• Audience Response System for increasing the number of formative assessments given during the course
    • Ubiquitous wireless Internet access, it just has to work
    • Writable surfaces (walls, tables, windows, floors, etc.)
    • Sound proof teaching rooms
      • Each room needs video conference technology and display
      • Allow pre-service teachers opportunity to teach during course to put theory into practice (I’m thinking a Distance-based PD School type experience)
      • Experts (faculty, teachers, other experts) are available to assist, observe, co-teach, etc.
    • Other classroom technologies (digital cameras, camcorders, scanners, slates, etc.)

However, the physical classroom is only part of the equation.  There is a virtual classroom that must also be accompanied with all physical classrooms.  Here is my short list of general features of virtual classrooms:

  • Common online meeting space that can be accessed from anywhere, anytime
  • Membership to the virtual class should include experts in multiple content areas and experts from the field
  • Needs to allow for high levels of collaboration
  • Needs to be flexible and user friendly to have as low of a learning curve as possible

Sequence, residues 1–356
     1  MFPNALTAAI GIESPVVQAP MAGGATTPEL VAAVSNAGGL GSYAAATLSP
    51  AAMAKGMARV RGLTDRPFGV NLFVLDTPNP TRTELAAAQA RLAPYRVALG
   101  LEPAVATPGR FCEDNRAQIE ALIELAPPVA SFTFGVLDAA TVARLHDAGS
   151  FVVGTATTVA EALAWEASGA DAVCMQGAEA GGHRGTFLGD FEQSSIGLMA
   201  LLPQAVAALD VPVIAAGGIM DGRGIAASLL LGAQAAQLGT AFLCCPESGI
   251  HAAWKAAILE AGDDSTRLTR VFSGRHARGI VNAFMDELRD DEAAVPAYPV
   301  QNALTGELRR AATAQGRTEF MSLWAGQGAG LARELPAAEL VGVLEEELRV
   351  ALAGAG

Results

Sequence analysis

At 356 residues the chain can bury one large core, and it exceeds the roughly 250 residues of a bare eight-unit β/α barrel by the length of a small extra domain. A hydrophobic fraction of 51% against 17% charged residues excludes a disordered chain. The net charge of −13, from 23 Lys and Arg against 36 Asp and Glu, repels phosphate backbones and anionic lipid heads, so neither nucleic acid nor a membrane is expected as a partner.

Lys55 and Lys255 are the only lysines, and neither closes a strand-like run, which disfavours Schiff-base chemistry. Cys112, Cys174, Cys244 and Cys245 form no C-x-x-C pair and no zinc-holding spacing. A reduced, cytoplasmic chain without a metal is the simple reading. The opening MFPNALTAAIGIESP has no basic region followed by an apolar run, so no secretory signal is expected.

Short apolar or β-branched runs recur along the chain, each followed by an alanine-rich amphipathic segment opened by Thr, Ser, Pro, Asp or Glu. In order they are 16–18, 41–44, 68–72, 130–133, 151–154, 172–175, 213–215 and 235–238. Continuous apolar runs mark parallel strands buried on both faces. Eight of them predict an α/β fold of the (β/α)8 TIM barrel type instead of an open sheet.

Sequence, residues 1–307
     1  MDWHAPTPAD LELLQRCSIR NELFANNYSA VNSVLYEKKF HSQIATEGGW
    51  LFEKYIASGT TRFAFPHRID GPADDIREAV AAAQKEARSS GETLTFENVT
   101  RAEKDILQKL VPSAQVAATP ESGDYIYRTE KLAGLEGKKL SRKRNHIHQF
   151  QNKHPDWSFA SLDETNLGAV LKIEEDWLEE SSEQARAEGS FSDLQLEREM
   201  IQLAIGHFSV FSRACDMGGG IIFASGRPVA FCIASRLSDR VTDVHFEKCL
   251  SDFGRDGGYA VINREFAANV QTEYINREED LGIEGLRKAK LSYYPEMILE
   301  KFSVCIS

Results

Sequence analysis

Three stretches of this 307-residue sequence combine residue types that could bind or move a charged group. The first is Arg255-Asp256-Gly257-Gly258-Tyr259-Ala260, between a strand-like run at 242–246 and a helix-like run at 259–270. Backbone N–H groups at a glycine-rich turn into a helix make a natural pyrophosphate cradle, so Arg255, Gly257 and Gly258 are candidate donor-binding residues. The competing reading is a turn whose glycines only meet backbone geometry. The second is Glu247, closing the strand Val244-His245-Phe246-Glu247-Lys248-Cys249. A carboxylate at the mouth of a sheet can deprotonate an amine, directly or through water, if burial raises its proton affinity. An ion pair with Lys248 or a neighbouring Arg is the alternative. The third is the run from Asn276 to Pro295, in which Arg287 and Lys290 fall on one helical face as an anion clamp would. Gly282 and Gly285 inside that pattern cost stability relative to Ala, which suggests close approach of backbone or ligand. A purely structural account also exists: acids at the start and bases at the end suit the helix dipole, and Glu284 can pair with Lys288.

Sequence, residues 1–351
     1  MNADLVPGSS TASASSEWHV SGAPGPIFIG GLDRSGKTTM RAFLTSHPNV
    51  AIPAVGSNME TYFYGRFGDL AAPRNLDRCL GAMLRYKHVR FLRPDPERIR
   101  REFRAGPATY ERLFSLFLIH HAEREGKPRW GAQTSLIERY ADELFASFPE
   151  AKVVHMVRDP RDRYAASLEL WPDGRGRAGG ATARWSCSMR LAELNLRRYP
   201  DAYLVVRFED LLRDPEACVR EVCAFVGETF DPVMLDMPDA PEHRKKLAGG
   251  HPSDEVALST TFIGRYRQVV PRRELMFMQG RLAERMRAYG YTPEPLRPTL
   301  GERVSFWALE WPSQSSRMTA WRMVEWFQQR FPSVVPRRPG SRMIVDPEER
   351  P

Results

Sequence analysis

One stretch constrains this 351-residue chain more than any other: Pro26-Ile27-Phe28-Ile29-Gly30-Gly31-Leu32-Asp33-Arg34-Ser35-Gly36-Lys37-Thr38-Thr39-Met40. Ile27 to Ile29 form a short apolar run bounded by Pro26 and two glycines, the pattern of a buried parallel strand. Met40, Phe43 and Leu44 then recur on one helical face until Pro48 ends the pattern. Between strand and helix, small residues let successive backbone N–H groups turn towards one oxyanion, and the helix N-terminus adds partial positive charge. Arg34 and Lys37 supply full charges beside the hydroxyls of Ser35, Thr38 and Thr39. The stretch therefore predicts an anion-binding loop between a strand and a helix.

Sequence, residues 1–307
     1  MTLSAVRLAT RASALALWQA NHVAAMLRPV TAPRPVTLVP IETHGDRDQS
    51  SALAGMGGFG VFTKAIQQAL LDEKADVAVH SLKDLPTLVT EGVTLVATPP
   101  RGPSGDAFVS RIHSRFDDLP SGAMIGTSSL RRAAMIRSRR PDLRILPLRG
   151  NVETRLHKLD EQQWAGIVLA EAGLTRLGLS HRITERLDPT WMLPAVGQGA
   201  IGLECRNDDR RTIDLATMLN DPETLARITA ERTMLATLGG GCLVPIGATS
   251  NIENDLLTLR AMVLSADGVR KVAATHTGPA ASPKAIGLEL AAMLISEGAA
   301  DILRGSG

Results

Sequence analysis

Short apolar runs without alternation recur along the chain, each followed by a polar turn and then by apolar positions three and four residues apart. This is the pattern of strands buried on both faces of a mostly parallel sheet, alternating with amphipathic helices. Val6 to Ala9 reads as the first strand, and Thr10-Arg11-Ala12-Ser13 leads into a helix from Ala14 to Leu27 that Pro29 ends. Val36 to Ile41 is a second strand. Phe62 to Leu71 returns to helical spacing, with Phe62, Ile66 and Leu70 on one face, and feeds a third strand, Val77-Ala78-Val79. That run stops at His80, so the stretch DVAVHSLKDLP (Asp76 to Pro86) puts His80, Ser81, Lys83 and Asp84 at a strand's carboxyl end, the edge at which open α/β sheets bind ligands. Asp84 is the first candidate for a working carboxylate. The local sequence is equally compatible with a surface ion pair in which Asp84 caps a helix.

• Needs to allow for high personalization at the user level

This is what I see as being crucial for transforming learning in schools.  The role of everyone in the classroom changes.  There is no front of the classroom for the teacher to “teach” from, rather, the teacher moves around the room supporting small groups or individual students.  Those groups will change, which means the basic structure and configuration of the classroom needs to be flexible.

Above is a crude, very crude, sketch of what I think the physical classroom would look like.  (Please excuse my awful drawing skills).  The main point I want to get across is that the classroom needs to be flexible, open, comfortable, and highly structured for collaboration.

What does your classroom for the next generation look like?  Leave a comment!


Professional Learning Communities

It’s been a while since I’ve blogged about anything substantive here at Technology Tips so I thought I’d do a short piece about something I’ll be engaged in for this next semester.  At UNI we have the goal of becoming the premier PK-12 teacher preparation institution in the US and to that end I’m on a committee that is working towards this end in the area of technology.  What’s interesting about the work that we are doing is that we are only focusing on technology use in a roundabout way and are instead looking at the underlying teaching teacher education faculty are using in their courses.  It is the pedagogy teachers use that will ultimately determine how technology is used in the classroom.  Only then will we be able to design creative, meaningful, authentic learning experiences for our students.